BT Group and Nokia touted their latest trial of carrier aggregation as the operator continued to develop its standalone (SA) 5G network, claiming combining two bands for uplink would support growing use cases.

In a statement, BT claimed to be the first operator in Europe to achieve 2CA in the uplink and 4CA down, with the latter subject to a trial announced in 2022.

By using CA in uplink and downlink, BT asserted it could deliver a significant improvement in throughput and capacity.

Its latest trial achieved uplink rates of more than 230Mb/s.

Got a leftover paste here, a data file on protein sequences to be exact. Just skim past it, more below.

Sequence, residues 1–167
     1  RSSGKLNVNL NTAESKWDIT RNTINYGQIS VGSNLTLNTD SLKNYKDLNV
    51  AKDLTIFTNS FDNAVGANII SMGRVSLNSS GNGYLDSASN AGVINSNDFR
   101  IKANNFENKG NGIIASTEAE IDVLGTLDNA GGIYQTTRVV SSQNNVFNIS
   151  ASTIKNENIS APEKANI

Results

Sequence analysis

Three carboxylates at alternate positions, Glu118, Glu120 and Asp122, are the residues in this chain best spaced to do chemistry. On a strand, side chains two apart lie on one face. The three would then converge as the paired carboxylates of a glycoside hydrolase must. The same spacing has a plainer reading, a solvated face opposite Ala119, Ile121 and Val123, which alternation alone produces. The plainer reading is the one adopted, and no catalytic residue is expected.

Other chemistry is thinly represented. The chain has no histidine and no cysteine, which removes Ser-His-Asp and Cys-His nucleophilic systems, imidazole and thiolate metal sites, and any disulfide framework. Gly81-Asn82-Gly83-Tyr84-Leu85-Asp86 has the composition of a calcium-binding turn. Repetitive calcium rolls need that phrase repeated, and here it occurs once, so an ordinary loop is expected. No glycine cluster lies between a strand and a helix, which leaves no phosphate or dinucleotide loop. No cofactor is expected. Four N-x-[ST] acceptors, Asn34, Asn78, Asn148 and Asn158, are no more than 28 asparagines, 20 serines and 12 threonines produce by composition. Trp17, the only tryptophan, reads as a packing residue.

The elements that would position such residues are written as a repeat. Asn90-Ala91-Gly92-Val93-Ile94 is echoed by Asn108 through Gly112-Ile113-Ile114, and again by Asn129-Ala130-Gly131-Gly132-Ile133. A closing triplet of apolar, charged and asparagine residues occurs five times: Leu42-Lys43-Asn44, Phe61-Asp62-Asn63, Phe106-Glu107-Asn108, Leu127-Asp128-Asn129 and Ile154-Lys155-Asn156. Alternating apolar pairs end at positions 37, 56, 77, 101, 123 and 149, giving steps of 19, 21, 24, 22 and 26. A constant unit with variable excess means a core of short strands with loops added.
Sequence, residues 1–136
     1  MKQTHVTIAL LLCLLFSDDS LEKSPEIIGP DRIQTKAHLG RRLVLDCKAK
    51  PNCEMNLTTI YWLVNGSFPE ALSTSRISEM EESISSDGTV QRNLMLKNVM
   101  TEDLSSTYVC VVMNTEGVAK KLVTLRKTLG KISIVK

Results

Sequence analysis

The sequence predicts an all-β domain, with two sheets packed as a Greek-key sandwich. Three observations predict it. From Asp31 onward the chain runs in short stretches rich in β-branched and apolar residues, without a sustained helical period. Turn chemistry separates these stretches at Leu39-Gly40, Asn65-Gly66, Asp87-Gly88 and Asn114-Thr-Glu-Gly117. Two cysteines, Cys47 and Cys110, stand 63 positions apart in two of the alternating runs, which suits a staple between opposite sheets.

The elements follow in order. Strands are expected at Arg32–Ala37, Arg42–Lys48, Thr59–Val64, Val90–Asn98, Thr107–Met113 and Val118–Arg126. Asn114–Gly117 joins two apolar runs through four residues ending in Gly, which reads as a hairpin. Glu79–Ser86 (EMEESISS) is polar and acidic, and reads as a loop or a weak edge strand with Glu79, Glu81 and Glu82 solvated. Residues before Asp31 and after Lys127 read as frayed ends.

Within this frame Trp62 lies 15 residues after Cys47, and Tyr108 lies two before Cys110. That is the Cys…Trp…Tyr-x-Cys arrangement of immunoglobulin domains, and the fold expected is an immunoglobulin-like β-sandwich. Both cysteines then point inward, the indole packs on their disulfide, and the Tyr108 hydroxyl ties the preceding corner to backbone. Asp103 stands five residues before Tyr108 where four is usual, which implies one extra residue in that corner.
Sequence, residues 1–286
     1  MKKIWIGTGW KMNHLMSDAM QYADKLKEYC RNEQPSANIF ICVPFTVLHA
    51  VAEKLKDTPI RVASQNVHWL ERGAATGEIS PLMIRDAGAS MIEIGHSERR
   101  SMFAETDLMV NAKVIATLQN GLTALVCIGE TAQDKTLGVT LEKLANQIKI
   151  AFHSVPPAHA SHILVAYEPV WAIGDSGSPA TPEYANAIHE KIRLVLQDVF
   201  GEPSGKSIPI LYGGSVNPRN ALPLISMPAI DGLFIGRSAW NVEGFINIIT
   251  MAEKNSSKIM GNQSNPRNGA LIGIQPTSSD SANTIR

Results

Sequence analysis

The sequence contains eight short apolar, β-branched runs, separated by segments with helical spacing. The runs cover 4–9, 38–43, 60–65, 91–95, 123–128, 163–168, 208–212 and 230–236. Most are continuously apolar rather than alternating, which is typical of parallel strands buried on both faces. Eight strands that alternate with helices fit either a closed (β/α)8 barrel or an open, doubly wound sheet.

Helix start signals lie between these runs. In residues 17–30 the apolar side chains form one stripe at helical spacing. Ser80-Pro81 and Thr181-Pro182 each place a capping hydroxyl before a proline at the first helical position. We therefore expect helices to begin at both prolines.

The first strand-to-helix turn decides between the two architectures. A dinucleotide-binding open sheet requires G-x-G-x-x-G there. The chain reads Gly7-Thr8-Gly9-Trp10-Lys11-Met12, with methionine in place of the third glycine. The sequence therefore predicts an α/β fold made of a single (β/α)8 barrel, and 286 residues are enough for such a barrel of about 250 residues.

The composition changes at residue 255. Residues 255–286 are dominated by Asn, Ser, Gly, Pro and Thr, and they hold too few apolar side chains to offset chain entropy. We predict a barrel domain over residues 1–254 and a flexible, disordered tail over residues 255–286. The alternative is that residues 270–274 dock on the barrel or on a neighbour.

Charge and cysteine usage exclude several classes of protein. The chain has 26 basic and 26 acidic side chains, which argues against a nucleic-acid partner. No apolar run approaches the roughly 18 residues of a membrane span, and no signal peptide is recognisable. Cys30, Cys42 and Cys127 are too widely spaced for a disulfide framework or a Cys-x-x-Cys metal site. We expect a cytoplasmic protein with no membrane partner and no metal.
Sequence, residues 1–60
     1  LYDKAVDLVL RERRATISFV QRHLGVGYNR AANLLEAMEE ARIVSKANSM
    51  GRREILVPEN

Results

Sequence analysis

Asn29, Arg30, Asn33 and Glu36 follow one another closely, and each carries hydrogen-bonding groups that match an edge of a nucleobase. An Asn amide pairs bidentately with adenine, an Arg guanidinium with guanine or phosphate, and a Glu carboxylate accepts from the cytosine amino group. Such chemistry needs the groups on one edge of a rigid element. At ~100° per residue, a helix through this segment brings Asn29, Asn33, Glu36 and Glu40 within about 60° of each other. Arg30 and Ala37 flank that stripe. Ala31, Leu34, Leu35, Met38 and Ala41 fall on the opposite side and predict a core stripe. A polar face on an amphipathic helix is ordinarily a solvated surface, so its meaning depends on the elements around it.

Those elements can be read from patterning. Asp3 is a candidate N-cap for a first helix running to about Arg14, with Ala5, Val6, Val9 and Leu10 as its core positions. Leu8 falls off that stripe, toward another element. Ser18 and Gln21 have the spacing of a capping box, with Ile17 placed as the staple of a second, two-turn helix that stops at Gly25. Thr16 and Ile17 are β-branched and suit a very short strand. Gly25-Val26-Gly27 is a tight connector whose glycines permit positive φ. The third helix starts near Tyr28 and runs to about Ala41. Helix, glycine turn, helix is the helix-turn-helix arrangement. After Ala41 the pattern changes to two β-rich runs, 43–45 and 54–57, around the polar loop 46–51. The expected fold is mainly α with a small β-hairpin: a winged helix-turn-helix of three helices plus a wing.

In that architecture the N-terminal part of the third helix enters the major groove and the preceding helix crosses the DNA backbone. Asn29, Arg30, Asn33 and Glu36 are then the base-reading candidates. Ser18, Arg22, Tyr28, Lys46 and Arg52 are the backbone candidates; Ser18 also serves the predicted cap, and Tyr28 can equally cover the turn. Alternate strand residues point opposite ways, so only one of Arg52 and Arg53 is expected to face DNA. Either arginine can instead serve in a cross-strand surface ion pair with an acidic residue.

The architecture is expected to support what the operator deems to be “growing customer use cases” of gaming and live streaming.

Alongside service improvements, BT expects CA to improve spectrum usage and deliver energy efficiency benefits.

BT’s EE is yet to commercially release SA 5G to the UK market, where rival Vodafone UK has already launched services under the brand 5G Ultra

BT executives previously acknowledged it would likely get beaten to the technology by a rival, though emphasised it wanted the architecture to provide a tangible benefit first. At the time the company was estimating a launch in early 2023.